I’ve been so busy with ‘the improvised life’ that I can’t seem to see my way to giving a dinner party. A solution was proposed recently by my friend Burt Wolf, who has his hands full with a television show, hosting boat tours in Europe and a small child. “Let’s do dinner, pot luck”, said Burt.
Pot luck is an age old tradition: each person brings a dish to forge a meal. If everyone pitches in, the burden falls on no one. The better the cooks, the better the fare will be. But just about everyone has one great dish in their repertoire.
The secret of pot lucks is that they work best if you plan them a bit, so you’re assured of getting a complete and satisfying meal. The ever-brilliant Burt emailed my boyfriend David and me the number of a free conference call service; just punch in the code and we’d find each other.
“Gee,” said Burt when we’d all gathered on the call, “This is what conference calls should be about. What to eat is much more interesting than business.”
So we began, listening to our hunger, free associating what we’d like to eat and would enjoy making, until we had the ultimate stress-free menu:
-Sally: Seven-hour “Spoon” Lamb (“It’s still chilly out; I can make it while I’m working; I can’t mess it up hauling it uptown to Burt’s in a taxi. It’ll be the first big dish of winter.”
-Burt: Gratin Dauphinoise (“A friend in South West France always served some great, gooey potato dish with the lamb he cooked in his fire place. A Dauphinoise is kind of like scalloped potatoes”)
-David Celery Root Puree ( “…my best vegetable dish”)
-Natalia, Burt’s wife: Baked apples with whipped cream: (“A new recipe to try, where the apples are peeled, sliced horizontally and stacked”)
-Burt and Natalia: Steamed French beans: (we ended up forgetting them)
-All of us: wine
We all knew the menu we’d plotted wasn’t cut in stone. We were just roughing out the elements, figuring who-does-what of the general categories (side dishes, dessert, etc). Each one of us could have switched gears on a whim and brought a different dish, to surprise the others.
Our simple conference call pot luck lasted for hours and proved as good as any meal we could get in a restaurant. It is a perfect approach to a stress- free dinner party. And everybody got to take home some lamb and potatoes for the next day. (I warmed some shredded lamb in its juices and served it with crushed new potatoes, for an impromtu lunch while Ellen Silverman and I was making some photographs (above).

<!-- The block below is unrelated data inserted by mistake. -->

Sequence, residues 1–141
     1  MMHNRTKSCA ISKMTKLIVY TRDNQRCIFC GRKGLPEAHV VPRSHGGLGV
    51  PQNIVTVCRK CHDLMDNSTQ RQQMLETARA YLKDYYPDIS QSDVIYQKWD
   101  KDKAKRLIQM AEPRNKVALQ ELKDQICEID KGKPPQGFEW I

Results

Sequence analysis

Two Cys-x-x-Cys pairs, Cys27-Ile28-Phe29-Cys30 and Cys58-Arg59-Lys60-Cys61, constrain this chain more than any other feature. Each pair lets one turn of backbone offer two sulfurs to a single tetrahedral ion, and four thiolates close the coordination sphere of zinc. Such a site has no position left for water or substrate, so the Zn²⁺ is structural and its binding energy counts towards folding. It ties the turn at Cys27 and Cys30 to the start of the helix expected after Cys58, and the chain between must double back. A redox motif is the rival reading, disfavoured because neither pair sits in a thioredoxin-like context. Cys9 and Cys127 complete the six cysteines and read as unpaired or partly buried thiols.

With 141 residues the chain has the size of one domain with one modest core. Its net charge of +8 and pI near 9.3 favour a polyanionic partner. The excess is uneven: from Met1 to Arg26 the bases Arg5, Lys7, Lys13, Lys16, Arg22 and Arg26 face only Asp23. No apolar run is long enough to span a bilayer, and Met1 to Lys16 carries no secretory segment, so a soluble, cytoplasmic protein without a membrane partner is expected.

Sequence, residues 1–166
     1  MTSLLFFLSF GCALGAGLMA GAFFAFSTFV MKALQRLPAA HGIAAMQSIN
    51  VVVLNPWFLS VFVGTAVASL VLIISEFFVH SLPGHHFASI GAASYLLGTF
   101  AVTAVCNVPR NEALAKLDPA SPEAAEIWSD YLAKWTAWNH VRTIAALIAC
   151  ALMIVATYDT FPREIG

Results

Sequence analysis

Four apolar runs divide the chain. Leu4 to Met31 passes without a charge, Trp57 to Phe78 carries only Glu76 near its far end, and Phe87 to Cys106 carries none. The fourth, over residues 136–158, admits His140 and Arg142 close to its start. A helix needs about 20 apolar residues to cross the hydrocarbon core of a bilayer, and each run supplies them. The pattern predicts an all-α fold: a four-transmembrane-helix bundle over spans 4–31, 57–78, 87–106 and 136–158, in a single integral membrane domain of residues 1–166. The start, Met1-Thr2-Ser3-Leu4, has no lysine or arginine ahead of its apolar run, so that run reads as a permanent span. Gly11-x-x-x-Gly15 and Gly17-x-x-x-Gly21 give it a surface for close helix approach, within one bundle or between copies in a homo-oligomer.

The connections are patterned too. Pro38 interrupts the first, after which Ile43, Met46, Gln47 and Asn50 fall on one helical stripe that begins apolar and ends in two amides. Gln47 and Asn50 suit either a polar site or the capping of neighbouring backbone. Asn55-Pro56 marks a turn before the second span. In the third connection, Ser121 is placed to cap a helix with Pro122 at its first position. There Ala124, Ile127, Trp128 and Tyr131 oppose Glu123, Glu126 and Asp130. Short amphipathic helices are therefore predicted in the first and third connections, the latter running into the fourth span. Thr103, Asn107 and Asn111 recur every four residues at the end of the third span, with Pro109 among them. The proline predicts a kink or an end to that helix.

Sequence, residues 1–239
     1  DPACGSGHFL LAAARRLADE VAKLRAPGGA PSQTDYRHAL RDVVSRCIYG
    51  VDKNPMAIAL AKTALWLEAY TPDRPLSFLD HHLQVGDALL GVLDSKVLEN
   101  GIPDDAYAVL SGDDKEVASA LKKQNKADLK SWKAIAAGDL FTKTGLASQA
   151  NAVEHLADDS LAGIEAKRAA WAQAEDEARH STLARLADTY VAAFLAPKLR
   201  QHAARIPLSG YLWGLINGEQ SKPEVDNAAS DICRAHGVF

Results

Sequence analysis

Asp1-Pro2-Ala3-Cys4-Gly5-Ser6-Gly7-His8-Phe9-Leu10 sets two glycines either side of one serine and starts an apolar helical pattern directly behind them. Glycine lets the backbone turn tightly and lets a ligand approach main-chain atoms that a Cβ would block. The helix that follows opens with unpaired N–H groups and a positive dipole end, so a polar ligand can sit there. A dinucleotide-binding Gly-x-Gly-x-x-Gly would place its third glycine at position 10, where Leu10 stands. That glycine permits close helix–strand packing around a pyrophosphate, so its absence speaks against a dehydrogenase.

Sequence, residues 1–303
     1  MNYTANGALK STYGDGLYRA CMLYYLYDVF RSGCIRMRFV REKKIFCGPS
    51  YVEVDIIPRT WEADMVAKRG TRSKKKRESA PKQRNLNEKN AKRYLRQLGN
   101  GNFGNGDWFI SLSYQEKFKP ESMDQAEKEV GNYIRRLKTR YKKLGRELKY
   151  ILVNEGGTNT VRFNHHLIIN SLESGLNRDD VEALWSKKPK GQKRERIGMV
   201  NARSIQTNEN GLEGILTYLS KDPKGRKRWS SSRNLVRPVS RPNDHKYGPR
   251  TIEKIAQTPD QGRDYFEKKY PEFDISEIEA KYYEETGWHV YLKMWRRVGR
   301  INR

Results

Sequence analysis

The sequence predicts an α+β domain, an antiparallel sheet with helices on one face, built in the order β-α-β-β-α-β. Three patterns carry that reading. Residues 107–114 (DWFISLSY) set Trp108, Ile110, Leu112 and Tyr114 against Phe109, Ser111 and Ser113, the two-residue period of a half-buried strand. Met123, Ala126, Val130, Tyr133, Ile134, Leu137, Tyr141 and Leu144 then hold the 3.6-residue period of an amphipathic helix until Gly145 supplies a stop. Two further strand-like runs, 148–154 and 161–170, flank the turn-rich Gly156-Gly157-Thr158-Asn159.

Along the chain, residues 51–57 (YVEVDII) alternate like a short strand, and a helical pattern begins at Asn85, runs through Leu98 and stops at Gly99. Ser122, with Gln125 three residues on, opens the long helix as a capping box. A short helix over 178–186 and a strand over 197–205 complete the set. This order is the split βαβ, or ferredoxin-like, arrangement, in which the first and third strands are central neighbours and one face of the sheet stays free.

Seven Hour “Spoon” Lamb
This is my revisionist version of Paula Wolfert’s famous spoon lamb recipe. The original was too labor intensive for my lazy bones and called for pricey dessert wine, whose flavor I successfully duplicate, for cooking purposes, with white wine, wildflower honey and orange zest. The dish takes one half hour max to put together, then cooks unattended for, truly, seven hours, until it is tender enough to eat with a spoon. It’s the perfect no fuss, make-ahead dinner party dish that elicits both sighs and raves. It would make a great alt-Thanksgiving dinner.
This dish yields over 3 cups of rich juices, a kind of concentrated lamb consomme that is a treasure; heat some in a small saucepan and float raviolis or tortellinis in it, for a divine supper. Use it to reheat shredded leftover lamb in the days to follow to forge quick meals: spoon it over crushed new potatoes, use it as a taco filling or toss with cooked pasta, along with some grated Parmigiano Reggiano or Pecorino.
Serves 6 to 8 with leftovers
One 5 to 6 pound leg of lamb tied (have the butcher trim off the shank bone trimmed)
OR a boneless lamb shoulder, about 5 pounds, tied into a compact bundle
5 heads garlic
1 tablespoon kosher salt
1 tablespoon olive oil
1/4 cup Cognac or Armagnac
1/3 cup dry white wine
2 tablespoons wildflower honey
1 or 2 strips orange zest
2 to 3 sprigs fresh thyme
A few hours before cooking the lamb, rub it with the kosher salt. Place on a platter uncovered in the fridge to marinate. Meanwhile, break apart and separate the cloves, pulling off any extraneous papery skin; don’t peel unless you want to.
Heat the oil in a large heavy flameproof casserole (enamel on cast-iron is perfect), over moderate heat. Pat the lamb dry and brown to golden, about 5 minutes per side, 20 minutes total. Pour off fat and add the Cognac. Tilt the pan to ignite, taking care to stand back. When the flames have died out, add the white wine, honey, orange zest, thyme and the garlic cloves. Cover with a sheet of foil and press the lid down to seal. Roast in a preheated 200′ oven, until the lamb is fork tender, about 7 hours, turning the lamb once halfway through.
Transfer the lamb to a platter and cover with the foil. Pour the juices into a cup and skim off the fat. To give the juices a more concentrated flavor, pour into a heavy saucepan and simmer until reduced by about one quarter, or the flavor is right. Pull the meat apart or slice it against the grain and arrange on a platter. Pour some of the juices over and pass the rest.